Losing belly fat can be hard, but it’s possible and totally doable. You simply need to take action and make some better, healthier diet and lifestyle choices.
Just as we don’t gain belly fat overnight, we also cannot get rid of it overnight either.
By the end of this article, you’ll have all the tools you need to lose belly fat once and for all!
You’ll need to choose your long-term health and happiness over instant food pleasures that, in the long run, will only make you feel miserable.
It’s up to you. Only you can make these decisions. I can only show you the way.
But first, there’s some quick information.
“Knowledge is the key to success” by Marie F. (Thanks to Marie for your inspiring email – one of our Days to Fitness family subscribers).
1. Why Do We Get Fat?
When we eat more food (energy) than we use, all the excess is converted into and stored as fat. This process is made possible by a famous hormone and key player called insulin.
As we continue to eat more energy than we use, insulin continues to convert the excess into fat.
It’s hard to overeat whole foods, but it’s quite easy to binge on junk “food”. Big food companies design “food” (it’s not really food) to give you pleasure, get you addicted and make you always want to eat more.
I’ve shared a quick video explaining why sugar makes us fat, and why added sugar is everywhere. You can watch it here.
Yes, some “foods” (it’s processed food) are more fattening than others. Avoiding high sugar foods and drinks it’s THE most important step you can take to lose belly fat. I will cover that soon.
2. Why We Get Belly Fat
Women accumulate more fat on their thighs and butt, while men tend to accumulate fat on their stomachs.
The reason behind this is due to hormones (testosterone and estrogen).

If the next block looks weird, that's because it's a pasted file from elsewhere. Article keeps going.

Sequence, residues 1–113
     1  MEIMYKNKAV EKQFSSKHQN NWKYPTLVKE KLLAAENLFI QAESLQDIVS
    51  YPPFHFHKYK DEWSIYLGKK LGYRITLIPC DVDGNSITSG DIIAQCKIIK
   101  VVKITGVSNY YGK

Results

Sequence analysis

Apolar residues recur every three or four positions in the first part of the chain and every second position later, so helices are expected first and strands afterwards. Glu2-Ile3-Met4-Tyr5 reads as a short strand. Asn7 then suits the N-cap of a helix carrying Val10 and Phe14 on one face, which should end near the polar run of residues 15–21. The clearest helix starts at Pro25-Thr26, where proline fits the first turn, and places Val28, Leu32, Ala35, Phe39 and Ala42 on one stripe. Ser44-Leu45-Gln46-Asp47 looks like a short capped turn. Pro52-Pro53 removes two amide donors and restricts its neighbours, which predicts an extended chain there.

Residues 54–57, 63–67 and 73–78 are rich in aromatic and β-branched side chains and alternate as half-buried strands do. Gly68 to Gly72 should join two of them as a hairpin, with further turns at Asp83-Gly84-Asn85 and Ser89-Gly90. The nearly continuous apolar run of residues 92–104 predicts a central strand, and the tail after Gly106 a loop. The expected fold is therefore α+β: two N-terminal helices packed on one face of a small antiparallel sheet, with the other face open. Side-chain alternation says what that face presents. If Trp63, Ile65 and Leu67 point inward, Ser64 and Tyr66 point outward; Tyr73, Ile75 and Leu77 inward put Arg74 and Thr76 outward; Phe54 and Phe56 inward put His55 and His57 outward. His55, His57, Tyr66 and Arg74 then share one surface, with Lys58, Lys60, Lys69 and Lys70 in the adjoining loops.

It’s not possible to burn fat only from your belly. Those 100 abs crunches a day-type workouts do not work. We have to lose fat from our entire bodies, and gradually we will start to get a flatter stomach.
We all have fat around our body, but the fat is not equally distributed. Instead, it accumulates on the butt, thighs and belly.
To reduce our body fat percentage, we have to lose weight, so our fat layer gets thinner.
Sorry, I have to say it again: In the same way, we don’t gain weight overnight, we can’t lose weight overnight either. Crash diets do not work, and nor do intense but unsuitable workouts.
But, don’t give up yet; there’s a way and a solution.
The steps you need to take to lose belly fat
I recommend that you start with easy, sustainable actions as only you know how much effort and sacrifice you can handle to maintain consistency. Consistency is the most important skill here.
It doesn’t matter if you drastically reduce calories and do a lot of exercises today, but then eat 10,000 calories of ice-cream tomorrow. That will not work. Instead, do a little bit every day and you’ll find your journey much more enjoyable.
The following steps are ordered by importance, but you can do several steps at the same time. You can eat less to reduce the number of calories and meditate to reduce your stress.
What I find hard is to go all-in in the beginning. For example, reducing calories, changing diet and doing a lot of exercise from the very beginning. The result is usually the same: frustration, quit, and all hope is lost.
Instead, go easy on yourself, embrace small changes, and get motivated by the benefits.
- Get to know how much you eat daily
- Avoid or reduce high sugar foods and drinks
- Reduce or, even better, quit processed, junk, and fast food
- Diet – prepare your own food
- Avoid food binging
- Reduce your calorie intake
- Easy but effective exercise
- Reduce stress
- Improve sleep quality time
1. Get to know how much you eat daily
Do you have any idea how many calories do you eat per day? I thought I did but, oh boy, I was wrong…
You probably have a very clear idea of how much you eat per day, but do you really know? When I started to track my daily calorie intake, I was shocked. I thought that I was under 2000 calories per day, but I was in fact eating around 3000.
I’m not really in favor of counting calories, because not all calories are created equal, and focusing only on calories is not a solution for weight loss. I’ve in fact written two articles explaining that: Stop Counting Calories and The Calorie Fallacy.
But today, I’m asking you to do exactly the opposite: Track your calories. Why? So, you have an idea of how much you’re eating in terms of food and how many calories.